Help, My Lawyer Quit!

Information on this page was reviewed by a specialist defence lawyer before being published. Click to read more.
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Have you had a bad experience with a lawyer?

Unfortunately, lawyers have been known to bail on cases at the last minute – which is an unacceptable and unjustifiable situation.

In our experience, the practice appears to be the most common amongst single-lawyer law firms, where no other lawyers are available to take-over the case.

You can read testimonials on our website where we have taken-on cases at the last minute when clients were abandoned by their lawyers after paying them for many months and counting on them to attend their court hearings.

Fortunately, our lawyers are experienced enough to take-over cases and provide effective representation at short notice.

But imagine being charged with a criminal offence, going to the trouble of finding a lawyer, then entrusting them with your personal information and paying them thousands of dollars for several months, only to be told just before your court hearing or jury trial that they are no longer able to attend.

For whatever reason – whether the lawyer is too busy, has overbooked cases or is just disorganised – such conduct is unprofessional and can leave you in an extremely stressful and difficult position.

It is also unethical – and while a client can fire their lawyer at any point, the lawyer cannot do the same to their client, and for good reason.

The rules surrounding ceasing to act

According to the Solicitors Rules, which govern the conduct of the legal profession in NSW, your lawyer can only decide to stop acting for you in certain circumstances – they will either need your consent or have a valid reason to pull out.

These rules are in place because it would be highly unfair if lawyers were allowed to take a client’s money for preparations and the like in the lead-up to a court hearing and then ditch them at the last minute.

Failing to pay your lawyer can justify them refusing to represent you any further, but only if you have been given written notice and allowed an opportunity to pay. A lawyer must also give the court registrar notice if they intend to withdraw from a matter that is being heard in court. That letter is called a ‘notice of ceasing to act’.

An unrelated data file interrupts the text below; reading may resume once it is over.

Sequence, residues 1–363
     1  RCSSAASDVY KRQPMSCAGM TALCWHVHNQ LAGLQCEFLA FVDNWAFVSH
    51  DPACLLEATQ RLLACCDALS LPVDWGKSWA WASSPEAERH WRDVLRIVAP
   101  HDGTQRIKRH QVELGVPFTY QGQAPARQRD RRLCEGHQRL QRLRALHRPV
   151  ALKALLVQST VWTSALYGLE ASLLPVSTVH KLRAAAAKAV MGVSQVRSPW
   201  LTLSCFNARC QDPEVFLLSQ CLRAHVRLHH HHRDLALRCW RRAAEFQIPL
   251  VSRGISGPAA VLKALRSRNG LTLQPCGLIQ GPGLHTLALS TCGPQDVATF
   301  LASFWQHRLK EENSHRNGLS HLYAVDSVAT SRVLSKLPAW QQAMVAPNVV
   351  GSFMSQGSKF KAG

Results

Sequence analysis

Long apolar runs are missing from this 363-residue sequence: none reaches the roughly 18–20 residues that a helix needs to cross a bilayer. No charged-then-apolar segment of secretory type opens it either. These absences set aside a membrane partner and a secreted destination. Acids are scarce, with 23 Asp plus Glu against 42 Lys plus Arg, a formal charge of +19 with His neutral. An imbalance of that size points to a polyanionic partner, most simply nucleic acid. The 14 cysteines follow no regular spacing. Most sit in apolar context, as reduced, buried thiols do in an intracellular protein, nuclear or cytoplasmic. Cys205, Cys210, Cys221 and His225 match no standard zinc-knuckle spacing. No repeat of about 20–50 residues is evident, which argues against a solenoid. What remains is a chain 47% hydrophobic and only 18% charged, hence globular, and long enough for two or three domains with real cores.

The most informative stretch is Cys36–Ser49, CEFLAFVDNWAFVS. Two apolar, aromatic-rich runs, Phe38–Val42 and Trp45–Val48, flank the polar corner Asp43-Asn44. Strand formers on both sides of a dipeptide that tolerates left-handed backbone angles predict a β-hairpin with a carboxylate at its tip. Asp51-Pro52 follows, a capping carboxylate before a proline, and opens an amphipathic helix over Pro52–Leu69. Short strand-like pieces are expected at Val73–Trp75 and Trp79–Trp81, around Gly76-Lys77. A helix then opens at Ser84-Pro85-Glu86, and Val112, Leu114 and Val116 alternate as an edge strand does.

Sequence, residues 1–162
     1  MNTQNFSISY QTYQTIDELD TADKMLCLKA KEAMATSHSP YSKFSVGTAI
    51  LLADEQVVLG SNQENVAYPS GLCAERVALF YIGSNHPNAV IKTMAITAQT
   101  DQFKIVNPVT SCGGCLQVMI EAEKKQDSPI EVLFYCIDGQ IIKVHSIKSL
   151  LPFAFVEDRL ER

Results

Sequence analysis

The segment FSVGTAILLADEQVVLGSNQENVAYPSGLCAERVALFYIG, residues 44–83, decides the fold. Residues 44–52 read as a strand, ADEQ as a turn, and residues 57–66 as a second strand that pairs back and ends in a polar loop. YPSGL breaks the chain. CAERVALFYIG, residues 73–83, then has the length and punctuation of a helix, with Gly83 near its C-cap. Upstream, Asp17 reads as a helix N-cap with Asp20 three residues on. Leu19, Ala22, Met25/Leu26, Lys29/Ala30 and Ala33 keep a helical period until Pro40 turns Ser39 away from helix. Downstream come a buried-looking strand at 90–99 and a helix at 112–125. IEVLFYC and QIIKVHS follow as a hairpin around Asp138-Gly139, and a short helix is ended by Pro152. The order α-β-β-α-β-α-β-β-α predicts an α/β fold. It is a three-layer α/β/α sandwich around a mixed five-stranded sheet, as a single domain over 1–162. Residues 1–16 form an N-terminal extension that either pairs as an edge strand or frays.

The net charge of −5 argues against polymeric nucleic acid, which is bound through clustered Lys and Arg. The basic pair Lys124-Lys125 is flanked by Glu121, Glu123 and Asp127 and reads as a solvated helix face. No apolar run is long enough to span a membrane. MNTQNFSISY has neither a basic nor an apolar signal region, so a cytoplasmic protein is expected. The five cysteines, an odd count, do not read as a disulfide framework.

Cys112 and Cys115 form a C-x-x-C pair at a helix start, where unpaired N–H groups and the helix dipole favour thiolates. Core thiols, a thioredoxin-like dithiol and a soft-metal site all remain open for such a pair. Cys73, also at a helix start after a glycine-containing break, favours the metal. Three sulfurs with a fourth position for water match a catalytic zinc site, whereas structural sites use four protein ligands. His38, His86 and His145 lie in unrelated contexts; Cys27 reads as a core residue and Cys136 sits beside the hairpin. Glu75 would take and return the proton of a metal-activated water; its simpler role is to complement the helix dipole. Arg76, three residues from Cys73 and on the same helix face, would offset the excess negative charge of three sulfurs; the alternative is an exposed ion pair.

Another situation is where a client has confessed their guilt, but tells the lawyer that they want to proceed on the basis of a ‘not guilty’ plea.

In that situation, the lawyer will have an option: they may decide to stop acting, or they may continue represent the client in a limit way, specifically by making the prosecution prove each element of the offence rather than by putting forward a case that is consistent with innocence.

A lawyer in this situation may decide to stop acting in the case, but only if:

  • There is enough time for another lawyer to take over the case; and
  • The client does not insist that the lawyer continues to appear for them.

But if a client continues to give evidence denying guilt or asserting their innocence, a lawyer must stop acting.

What can I do if my lawyer has done the wrong thing?

If you have had a negative experience with a lawyer or are unhappy about their conduct, you can always make a complaint to the Legal Services Commissioner, who takes charge of reviewing complaints which may then be referred onto the Law Society of NSW.

The Law Society has the power to fine, suspend or even strike-off practitioners so that they are unable to practice law anymore.

If you need a lawyer to represent you in an upcoming criminal or traffic matter, picking one spontaneously may not be the best way to go.

There are many criminal lawyers in Sydney, and it’s best to spend a little time researching their credentials and track record.

Make sure that your lawyer has several years of experience defending criminal cases and that the firm has ‘Accredited Criminal Law Specialists’ – which is the Law Society’s certification of expertise and experience.

If possible, read online testimonials and case-results to get an idea of client satisfaction and outcomes. You can easily access Google reviews for criminal lawyers by, for example, typing ‘criminal lawyers’ into a Google search.

Finding out as much as you can about your lawyer and their track record can be time well spent– and will hopefully ensure that you are looked after and achieve the outcome that you deserve.

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Ugur Nedim

Ugur Nedim

Ugur Nedim is an Accredited Criminal Law Specialist with 25 years of experience as a Criminal Defence Lawyer. He is the Principal of Sydney Criminal Lawyers®.

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